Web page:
Thursday, March 10, 2011

Nonfiction Review: Stones Into Schools

I recently read Greg Mortenson’s second book, Stones Into Schools: Promoting Peace with Books, Not Bombs, in Afghanistan and Pakistan, for my library’s monthly discussion group.  I previously read Three Cups of Tea, his first book, and although I was fascinated by the subject matter, I didn’t think it was very well written.  That first book had been written with a co-author, a journalist, while Stones Into Schools is written solely by Mortenson and is a much better book, as everyone in the book group agreed.

Here’s some more insight into why this book is better, in Greg’s own words:

In addition to being a profoundly bewildered man, I am an incorrigible introvert.  I am awkward, soft-spoken, ineloquent, and intensely shy.  I do not enjoy speaking in public, posing for photographs, or asking other people for money.  I dream of privacy, I revere silence, and I loathe any action that involves drawing attention to myself.  (Even creating these pages was painful: It took a supreme effort on the part of my wife, Tara, and my editor, Paul Slovak, to force me to agree to write it in the first-person – an approach that is emphatically not my cup of tea.)  In the Christmas pageant of life, the characters I admire most – and the only roles for which I would ever consider auditioning – are the ox and the donkey.

As this single paragraph showcases, Mortenson writes with intimacy, warmth, and wit, and the decision to write from the first-person was absolutely the right one (nice job, Tara and Paul!).  As with Three Cups of Tea, the subject matter of the book is riveting and enlightening.

Mortenson describes his continuing efforts to build schools for children, especially girls, in the most remote areas of Pakistan and Afghanistan through his non-profit group, Central Asia Institute (CAI).  He tells of their efforts in a very engaging way, focusing on stories of individual people who have been involved with or helped by CAI, as well as the often-fascinating paths that led to building schools in the most remote regions.  His tales are heartwarming (sometimes heart-breaking) and inspirational, especially the lengths that he and his colleagues are willing to go to provide education to children that have long been forgotten by the rest of the world.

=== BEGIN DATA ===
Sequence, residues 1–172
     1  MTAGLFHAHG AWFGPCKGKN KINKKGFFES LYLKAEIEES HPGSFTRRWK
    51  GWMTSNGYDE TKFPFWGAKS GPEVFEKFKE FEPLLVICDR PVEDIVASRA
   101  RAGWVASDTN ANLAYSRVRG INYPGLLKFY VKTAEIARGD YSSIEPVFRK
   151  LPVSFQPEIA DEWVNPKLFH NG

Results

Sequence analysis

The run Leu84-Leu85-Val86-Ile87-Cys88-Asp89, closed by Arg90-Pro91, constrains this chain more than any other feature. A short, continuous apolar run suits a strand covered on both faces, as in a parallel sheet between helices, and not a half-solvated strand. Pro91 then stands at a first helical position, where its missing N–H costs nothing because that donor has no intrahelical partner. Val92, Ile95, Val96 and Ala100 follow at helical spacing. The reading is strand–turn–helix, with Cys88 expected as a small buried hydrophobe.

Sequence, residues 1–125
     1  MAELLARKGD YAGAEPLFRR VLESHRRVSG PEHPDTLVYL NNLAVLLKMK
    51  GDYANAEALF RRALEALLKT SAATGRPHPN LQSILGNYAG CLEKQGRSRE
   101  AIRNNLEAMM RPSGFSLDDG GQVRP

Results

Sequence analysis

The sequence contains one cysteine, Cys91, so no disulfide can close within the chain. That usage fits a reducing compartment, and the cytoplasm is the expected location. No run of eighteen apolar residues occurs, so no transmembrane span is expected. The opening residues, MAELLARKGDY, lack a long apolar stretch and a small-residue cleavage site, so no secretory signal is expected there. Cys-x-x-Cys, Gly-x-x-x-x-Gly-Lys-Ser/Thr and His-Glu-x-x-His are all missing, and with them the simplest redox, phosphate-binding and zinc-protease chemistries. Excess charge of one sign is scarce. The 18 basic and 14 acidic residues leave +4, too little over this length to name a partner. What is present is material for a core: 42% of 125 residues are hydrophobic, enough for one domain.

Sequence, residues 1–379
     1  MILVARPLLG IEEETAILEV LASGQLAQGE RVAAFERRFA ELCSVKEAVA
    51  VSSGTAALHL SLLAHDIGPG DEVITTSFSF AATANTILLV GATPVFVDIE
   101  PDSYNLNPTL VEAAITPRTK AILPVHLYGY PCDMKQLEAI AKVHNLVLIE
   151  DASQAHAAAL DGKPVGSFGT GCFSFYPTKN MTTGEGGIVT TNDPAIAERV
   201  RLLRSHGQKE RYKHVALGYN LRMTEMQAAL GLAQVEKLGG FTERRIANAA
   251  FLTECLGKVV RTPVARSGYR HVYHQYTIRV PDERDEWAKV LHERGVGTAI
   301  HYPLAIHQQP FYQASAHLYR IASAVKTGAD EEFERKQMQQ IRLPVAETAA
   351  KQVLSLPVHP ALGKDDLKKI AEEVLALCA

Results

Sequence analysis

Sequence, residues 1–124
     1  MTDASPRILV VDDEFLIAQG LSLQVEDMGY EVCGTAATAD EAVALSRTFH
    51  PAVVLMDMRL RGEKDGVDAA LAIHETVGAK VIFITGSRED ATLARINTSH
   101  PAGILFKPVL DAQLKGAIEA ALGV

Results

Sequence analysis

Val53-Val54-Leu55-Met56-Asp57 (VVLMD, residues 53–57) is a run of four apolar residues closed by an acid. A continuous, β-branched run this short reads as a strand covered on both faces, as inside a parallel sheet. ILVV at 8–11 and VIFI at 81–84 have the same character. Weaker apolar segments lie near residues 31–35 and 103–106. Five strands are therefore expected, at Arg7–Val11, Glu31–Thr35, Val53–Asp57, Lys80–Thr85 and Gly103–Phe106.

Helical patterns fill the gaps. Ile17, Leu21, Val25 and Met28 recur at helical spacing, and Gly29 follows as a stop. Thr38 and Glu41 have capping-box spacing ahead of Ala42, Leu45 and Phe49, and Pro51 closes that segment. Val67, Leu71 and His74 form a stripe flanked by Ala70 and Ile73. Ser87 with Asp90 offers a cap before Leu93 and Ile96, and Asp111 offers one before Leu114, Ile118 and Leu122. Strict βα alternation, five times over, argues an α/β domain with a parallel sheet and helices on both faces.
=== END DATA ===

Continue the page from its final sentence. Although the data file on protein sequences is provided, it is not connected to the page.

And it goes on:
This wonderful book provided excellent fodder for discussion among the diverse attendees at my library’s book discussion.  Its stories are enhanced by many maps and photographs (I especially enjoyed the photos of schools and children).  Stones Into Schools is engaging and instructive, illuminating a world that is completely different from our own but is linked by the same human longings for education, wellness, and a better future for our children.

379 pages, Viking Penguin

NOTE:  Interestingly, at the same time I was reading Stones Into Schools, I was also listening to a fictional teen/YA book set in rural Afghanistan about two young girls attending a new school built for them by an American non-profit.  I highly recommend Thunder Over Kandahar for a fictional perspective of the same region.

To learn more about CAI or to donate, you can visit the CAI website.

Where Are You Reading 2011:  Although CAI has built schools all over Pakistan and Afghanistan, I chose to put my pin on Bozai Gumbaz, Afghanistan, site of the most remote school built to date (what they had to go through just to get building materials there is awe-inspiring!) and a story thread that flows throughout the book.


  1. Hi! I've been wanting to read Stones Into Schools, too! I just couldn't get myself a copy for now. I've read Greg's first book and I truly admire him as a person and for what he's doing.

    Thanks for sharing your insights about the book. :-)

  2. i've been meaning to read this one son.

  3. For some reason, I've been resisting reading both Three Cups of Tea and Stones into Schools. I'm not sure why, but I'm just not all that interested. Which makes me sound like a really bad person. I read a similar book in a similar topic called Mountains Beyond Mountains, and it just didn't grab me. I fear I would feel the same way about these two. Hence, the avoidance. Now after reading your review, if I ever do decide to read one of Mortenson's books, I'll read the second one!

  4. Pam -

    I also read Mountains Beyond Mountains for one of my book groups a few years ago and didn't like it as well as Mortenson's books...which is odd because Tracy Kidder is highly acclaimed author! But just my two cents...


  5. I have not read this one but have read the first one. I agree, the story is amazing - the writing not so much. :)